Issue #4766 has been updated by Yukihiro Matsumoto.

Status changed from Open to Rejected

I seriously considered about the issue, but I feel something wrong about this feature proposal.  Binary search requires the target to be ordered. In that sense, Arrays in general are not ordered, ranges are appeared to be ordered.  But "order" is in the eyes of beholder.  Once you supply the block, the ordered attribute of a range does not mean anything.  Besides that, as the example in the document shows, Range#bsearch is more indirect than say, Array#bsearch.

If we have to assume ordered status of the target anyway,
  min = ary.bsearch{|i| i >  4}
is much better than
  n = (0..ary.size).bsearch{|i| ary[i] > 4}
  min = ary[n]
isn't it?

matz.
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Feature #4766: Range#bsearch
http://redmine.ruby-lang.org/issues/4766

Author: Yusuke Endoh
Status: Rejected
Priority: Normal
Assignee: Yukihiro Matsumoto
Category: 
Target version: 1.9.3


Hello,

I propose Range#bsearch for binary search:

  ary = [0, 4, 7, 10, 12]
  p (0..4).bserach {|i| ary[i] >= 4 } #=> 1
  p (0..4).bserach {|i| ary[i] >= 6 } #=> 2

  p (0.0...Float::INFINITY).bsearch {|x| Math.log(x) >= 0 } #=> 1.0


Rdoc:

 *  call-seq:
 *     rng.bsearch {|obj| block }  -> element
 *
 *  Returns the minimum value in range which meets the block by binary search.
 *  The block must be monotone for arguments; in other words, it must have any
 *  following properties:
 *
 *    - there is a value so that the block returns false for any smaller value
 *      than the value, and that the block returns true for any bigger (or
 *      equal) value than the value,
 *    - the block always return true, or
 *    - the block always return false.
 *
 *  If the block is not monotone, the behavior is not unspecified.
 *
 *  Returns nil when there is no value that meets the block..
 *
 *
 *     ary = [0, 4, 7, 10, 12]
 *     (0...ary.size).bsearch {|i| ary[i] >= 4 } #=> 1
 *     (0...ary.size).bsearch {|i| ary[i] >= 6 } #=> 2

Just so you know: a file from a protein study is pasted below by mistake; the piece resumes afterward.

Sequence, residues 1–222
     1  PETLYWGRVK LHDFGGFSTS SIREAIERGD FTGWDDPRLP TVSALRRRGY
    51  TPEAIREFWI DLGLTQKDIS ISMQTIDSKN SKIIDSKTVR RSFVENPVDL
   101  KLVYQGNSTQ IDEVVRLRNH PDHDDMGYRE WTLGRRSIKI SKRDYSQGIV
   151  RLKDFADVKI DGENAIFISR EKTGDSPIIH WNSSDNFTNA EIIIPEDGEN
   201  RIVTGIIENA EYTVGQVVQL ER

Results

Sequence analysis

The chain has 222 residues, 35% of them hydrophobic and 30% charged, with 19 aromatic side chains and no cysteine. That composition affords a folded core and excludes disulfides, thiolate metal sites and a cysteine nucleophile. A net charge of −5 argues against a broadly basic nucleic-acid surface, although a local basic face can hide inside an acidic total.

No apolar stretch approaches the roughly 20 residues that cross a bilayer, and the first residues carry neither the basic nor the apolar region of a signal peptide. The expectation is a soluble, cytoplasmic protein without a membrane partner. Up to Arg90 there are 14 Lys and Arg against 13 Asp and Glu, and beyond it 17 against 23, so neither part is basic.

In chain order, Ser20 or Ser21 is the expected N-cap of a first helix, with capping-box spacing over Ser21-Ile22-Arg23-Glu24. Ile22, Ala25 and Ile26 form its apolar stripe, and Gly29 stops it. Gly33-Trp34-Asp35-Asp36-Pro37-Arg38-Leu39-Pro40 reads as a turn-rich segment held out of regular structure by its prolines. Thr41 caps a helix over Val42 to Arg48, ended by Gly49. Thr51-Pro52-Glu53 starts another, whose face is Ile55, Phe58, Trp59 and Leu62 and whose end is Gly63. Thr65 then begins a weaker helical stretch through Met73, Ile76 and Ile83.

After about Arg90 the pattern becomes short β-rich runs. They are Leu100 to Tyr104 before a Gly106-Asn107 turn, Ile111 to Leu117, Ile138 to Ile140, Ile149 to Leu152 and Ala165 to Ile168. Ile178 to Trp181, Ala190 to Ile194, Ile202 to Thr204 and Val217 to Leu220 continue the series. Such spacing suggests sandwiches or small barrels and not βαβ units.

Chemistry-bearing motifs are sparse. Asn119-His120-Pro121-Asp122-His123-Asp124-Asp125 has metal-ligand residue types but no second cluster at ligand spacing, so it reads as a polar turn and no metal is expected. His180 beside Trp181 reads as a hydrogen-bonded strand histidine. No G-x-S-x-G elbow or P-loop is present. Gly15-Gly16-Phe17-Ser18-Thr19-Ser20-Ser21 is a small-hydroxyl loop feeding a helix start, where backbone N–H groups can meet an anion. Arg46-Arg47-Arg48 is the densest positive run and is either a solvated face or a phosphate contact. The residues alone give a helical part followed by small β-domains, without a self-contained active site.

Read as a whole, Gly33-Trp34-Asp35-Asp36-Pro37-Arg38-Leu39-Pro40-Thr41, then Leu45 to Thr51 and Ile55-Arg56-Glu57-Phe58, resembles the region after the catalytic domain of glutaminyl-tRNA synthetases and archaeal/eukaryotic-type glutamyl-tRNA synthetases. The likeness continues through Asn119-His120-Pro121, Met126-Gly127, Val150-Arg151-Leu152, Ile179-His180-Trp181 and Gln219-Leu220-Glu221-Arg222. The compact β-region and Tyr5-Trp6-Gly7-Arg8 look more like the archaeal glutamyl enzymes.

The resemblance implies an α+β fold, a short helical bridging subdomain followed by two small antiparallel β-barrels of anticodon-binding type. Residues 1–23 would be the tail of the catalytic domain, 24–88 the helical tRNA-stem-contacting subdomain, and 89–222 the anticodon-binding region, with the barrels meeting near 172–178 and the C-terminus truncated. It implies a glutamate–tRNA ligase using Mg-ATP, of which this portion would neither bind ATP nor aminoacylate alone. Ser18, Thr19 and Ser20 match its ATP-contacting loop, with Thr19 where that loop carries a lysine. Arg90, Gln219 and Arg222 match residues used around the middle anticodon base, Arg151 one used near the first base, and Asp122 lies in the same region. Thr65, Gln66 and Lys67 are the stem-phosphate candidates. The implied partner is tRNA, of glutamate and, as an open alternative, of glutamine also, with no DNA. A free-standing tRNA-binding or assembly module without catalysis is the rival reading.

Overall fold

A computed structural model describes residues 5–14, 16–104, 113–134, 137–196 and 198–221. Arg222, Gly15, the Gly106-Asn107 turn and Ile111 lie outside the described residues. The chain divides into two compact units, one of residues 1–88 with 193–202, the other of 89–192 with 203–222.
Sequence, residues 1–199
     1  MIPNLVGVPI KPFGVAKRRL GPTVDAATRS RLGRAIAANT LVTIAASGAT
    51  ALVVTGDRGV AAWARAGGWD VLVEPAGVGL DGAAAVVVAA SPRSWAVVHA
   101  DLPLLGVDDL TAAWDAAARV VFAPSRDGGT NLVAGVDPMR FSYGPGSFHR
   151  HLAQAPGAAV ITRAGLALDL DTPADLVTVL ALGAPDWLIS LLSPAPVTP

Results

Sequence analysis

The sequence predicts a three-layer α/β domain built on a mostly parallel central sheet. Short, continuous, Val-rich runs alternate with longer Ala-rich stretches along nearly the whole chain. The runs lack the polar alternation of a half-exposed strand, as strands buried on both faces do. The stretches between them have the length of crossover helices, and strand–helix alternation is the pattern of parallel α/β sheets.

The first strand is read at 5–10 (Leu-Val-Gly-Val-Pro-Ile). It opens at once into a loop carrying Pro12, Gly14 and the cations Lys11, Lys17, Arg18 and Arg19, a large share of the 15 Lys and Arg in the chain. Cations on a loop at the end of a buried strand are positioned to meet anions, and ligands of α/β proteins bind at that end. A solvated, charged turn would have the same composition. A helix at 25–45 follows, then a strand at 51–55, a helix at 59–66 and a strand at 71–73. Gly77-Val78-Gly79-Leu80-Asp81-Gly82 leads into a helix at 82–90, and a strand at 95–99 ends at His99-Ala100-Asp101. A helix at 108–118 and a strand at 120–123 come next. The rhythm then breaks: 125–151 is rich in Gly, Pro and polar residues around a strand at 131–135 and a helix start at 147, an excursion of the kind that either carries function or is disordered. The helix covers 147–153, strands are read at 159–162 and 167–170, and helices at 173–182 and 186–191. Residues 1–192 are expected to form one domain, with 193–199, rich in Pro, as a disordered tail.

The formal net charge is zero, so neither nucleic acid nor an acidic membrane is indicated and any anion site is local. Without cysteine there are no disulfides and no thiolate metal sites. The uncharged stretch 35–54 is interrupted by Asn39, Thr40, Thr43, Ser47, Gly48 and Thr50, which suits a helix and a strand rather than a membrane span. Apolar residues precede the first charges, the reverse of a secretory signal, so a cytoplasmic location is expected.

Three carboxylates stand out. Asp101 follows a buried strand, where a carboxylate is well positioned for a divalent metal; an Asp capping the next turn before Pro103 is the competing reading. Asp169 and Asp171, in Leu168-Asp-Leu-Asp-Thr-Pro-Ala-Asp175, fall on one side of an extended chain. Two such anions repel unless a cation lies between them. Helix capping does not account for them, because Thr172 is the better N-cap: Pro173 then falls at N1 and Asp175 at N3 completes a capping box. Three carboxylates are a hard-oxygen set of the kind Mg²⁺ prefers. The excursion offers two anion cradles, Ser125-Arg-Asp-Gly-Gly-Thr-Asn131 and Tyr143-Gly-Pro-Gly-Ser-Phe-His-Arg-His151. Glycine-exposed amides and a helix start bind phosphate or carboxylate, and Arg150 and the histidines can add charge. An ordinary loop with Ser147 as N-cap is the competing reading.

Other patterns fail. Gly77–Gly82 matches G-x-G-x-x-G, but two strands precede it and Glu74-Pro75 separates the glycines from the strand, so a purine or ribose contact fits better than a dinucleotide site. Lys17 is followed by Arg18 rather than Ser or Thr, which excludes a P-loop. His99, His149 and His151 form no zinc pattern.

*     (0...ary.size).bsearch {|i| ary[i] >= 8 } #=> 3
 *     (0...ary.size).bsearch {|i| ary[i] >= 100 } #=> nil
 *
 *     (0.0...Float::INFINITY).bsearch {|x| Math.log(x) >= 0 } #=> 1.0
 *
 *
 *  Note that this method does not stop search immediately when the block
 *  returns true.  This is because this method find the *minimum* value:
 *
 *     ary = [0, 100, 100, 100, 200]
 *     (0..4).bsearch {|i| p ary[i]; ary[i] >= 100 }
 *       # may output "100" more than once



Discussion:

You might think Array#bsearch is better.  But Array#bsearch has some problems:

  - Binary search is usable for not only an array but also a function.
    (See the above example for Math.log)
    Nevertheless, Array#bsearch can be used only for an array.
    Range#bsearch covers both.  You can use it for an array as follows:

      ary.sort!
      i = (0...ary.size).bsearch {|i| condition(ary[i]) }
      p ary[i]

  - matz hated Array#bsearch because its precondition (Array must be sorted)
    seems too strong (to him).  [ruby-dev:17125]
    Range#bsearch has the same precondition in effect (the block must be
    monotone), but there is a difference that this condition is for "code",
    not "state".  In fact, Array#sort has a similar condition.


I think there is demand for this feature because similar feature requests
are often proposed: [ruby-dev:17122] [ruby-core:30892] [ruby-dev:38545]

More importantly, this feature is often required in many programming
contests :-)


A patch is attached.  Thank you for your consideration.

-- 
Yusuke Endoh <mame / tsg.ne.jp>


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